To make disciples is to call and equip men and women to be signs and agents of God’s justice in all human affairs. - Lesslie Newbigin
Everyone wants to be on mission and few want to do it in isolation. This article will unpack several fundamental concepts about the mission we are called to share before shifting to best practices to lead your community into God’s mission in your context.
Why Divide Mission into Two Parts?
First I ought to note that I have divided a community’s mission together into two activities: caring for the poor and inviting others to follow Jesus. Another way to think about this separation is proactive and collective mission as part 1, and reactive and scattered mission as part 2. Both are fulfilling our purpose as disciples to make disciples of Jesus; however, the distinction and separation is helpful because this is how most communities in Western culture experience and share mission. We are sent to love our neighbors and seek justice and reconciliation for the marginalized, and for most people, the marginalized are not found in our everyday interaction with neighbors, at school, at work, or at the coffee shop down the street.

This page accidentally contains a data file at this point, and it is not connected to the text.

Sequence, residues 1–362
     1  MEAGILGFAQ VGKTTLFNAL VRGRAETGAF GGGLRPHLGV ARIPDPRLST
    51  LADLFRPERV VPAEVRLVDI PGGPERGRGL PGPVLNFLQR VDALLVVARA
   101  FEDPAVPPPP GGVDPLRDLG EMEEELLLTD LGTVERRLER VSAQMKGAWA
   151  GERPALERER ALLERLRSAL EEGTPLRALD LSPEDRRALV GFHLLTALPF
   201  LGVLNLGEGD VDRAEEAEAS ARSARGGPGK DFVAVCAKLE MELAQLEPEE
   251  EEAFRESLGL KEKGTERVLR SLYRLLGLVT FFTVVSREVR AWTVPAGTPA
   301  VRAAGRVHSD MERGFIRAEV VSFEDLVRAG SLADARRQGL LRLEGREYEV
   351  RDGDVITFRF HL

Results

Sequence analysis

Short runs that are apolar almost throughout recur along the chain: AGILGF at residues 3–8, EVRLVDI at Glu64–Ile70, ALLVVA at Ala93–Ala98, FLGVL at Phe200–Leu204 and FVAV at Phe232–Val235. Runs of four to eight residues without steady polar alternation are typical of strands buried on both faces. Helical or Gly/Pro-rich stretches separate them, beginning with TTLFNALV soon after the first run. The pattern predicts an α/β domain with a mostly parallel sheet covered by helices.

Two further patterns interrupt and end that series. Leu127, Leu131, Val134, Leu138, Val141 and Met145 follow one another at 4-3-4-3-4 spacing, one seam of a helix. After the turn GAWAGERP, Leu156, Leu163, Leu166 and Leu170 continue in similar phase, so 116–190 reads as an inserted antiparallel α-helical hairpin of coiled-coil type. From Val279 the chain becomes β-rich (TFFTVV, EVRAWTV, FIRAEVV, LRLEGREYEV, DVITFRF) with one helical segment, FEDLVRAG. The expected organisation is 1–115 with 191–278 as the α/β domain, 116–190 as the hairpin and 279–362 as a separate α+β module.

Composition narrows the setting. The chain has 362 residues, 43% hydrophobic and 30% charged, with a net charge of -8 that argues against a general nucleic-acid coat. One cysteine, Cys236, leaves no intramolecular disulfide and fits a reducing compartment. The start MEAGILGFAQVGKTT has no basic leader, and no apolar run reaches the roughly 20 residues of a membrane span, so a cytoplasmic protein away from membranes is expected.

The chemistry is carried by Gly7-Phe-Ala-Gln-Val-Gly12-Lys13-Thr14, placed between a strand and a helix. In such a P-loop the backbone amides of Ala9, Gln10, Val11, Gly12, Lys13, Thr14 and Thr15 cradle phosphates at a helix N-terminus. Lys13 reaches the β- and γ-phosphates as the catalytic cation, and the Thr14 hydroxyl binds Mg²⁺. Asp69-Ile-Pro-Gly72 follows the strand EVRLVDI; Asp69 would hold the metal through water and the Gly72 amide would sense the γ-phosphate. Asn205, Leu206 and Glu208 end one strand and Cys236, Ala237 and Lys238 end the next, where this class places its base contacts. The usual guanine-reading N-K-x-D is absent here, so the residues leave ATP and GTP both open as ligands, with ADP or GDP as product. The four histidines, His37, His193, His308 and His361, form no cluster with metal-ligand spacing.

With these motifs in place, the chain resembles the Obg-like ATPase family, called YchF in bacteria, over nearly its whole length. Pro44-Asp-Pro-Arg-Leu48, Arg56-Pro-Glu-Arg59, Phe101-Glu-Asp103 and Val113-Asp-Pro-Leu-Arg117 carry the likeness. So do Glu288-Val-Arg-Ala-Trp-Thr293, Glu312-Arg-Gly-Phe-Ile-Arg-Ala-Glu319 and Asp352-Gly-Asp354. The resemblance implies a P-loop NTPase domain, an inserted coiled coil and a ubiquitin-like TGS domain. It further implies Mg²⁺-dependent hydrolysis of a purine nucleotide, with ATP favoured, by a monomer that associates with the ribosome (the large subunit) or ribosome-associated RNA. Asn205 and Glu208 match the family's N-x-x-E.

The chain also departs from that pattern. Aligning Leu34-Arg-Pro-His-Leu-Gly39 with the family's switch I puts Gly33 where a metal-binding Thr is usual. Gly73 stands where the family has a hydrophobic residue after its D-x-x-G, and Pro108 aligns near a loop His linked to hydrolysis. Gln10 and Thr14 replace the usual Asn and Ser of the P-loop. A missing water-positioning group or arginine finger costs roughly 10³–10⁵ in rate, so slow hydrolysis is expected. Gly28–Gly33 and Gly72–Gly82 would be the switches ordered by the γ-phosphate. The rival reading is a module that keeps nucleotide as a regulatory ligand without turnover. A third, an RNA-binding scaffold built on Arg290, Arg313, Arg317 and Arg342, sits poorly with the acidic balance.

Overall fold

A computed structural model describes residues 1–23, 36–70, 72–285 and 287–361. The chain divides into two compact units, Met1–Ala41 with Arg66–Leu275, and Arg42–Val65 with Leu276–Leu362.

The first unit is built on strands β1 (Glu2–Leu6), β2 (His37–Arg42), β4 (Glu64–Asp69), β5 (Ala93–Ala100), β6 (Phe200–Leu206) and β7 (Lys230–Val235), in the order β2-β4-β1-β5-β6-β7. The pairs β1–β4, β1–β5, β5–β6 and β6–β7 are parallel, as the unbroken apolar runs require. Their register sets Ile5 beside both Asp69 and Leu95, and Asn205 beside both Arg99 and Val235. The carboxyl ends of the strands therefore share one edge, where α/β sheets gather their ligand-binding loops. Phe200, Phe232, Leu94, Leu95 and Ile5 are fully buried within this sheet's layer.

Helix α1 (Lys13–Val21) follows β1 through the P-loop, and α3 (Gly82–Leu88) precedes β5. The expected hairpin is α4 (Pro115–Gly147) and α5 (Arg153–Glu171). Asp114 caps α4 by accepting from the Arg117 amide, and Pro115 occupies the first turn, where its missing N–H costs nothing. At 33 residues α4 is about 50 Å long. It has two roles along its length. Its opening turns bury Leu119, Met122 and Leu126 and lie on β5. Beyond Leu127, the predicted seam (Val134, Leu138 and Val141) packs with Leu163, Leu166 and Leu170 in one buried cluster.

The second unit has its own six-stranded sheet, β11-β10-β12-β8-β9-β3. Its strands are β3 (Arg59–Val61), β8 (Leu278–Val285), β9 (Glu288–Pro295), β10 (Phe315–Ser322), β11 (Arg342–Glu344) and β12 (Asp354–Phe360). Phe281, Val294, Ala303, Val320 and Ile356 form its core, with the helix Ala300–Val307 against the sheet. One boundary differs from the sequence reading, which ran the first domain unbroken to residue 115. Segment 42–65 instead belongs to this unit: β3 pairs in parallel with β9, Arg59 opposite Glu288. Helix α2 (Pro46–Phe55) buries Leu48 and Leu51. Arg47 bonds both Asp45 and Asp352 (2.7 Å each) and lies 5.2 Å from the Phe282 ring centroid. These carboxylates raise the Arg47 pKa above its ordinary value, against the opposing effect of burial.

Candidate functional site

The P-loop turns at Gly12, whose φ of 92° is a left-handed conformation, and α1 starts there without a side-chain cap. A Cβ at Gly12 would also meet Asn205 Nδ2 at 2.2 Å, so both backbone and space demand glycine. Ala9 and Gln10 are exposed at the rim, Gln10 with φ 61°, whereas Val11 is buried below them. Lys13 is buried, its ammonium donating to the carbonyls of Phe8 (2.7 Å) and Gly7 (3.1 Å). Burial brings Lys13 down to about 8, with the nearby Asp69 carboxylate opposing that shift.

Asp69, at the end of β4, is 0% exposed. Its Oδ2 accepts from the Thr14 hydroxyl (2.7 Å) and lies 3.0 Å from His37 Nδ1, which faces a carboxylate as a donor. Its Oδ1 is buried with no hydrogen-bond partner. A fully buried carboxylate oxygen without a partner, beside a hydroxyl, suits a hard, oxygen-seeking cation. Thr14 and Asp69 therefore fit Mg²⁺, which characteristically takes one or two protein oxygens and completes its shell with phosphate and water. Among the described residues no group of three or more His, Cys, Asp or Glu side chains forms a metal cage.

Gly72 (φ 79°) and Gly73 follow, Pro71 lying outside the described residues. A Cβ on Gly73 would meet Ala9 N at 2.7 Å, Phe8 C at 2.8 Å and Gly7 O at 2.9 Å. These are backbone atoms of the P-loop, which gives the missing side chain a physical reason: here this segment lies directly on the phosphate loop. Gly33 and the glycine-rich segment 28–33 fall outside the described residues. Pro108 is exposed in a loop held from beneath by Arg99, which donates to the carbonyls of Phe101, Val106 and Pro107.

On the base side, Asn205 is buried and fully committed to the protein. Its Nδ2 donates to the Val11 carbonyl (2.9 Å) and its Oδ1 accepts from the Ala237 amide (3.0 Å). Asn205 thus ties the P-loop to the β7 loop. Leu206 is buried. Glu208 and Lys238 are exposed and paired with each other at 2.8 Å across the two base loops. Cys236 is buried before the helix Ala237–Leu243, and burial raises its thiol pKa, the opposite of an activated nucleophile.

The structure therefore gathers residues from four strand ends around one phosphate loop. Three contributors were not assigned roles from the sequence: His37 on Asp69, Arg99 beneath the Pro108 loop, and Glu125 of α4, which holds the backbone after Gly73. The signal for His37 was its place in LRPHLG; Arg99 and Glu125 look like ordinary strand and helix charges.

Our culture has established boundaries and methods to keep those who are in the fringes of our society on the fringes. Immigrants, elderly, mentally ill, prostitutes, orphans, and the poor are kept at a distance and on the outside of full participation in our cities. Meaning, the poor are kept away from us. To the extent that, if you were to engage in a life of mission to the marginalized, you would have to plan it, prepare for it, and strategically change your life to create avenues of engagement. You would have to break through social, economic, and physical geographic barriers to share life with the marginalized. On the other hand, you probably have co-workers, next-door-neighbors, and friends who are part of your life and you have the opportunity to speak the gospel to them without changing anything about your life. That is not typically the case with the marginalized. Tim Chester describes this reality well in his book Unreached: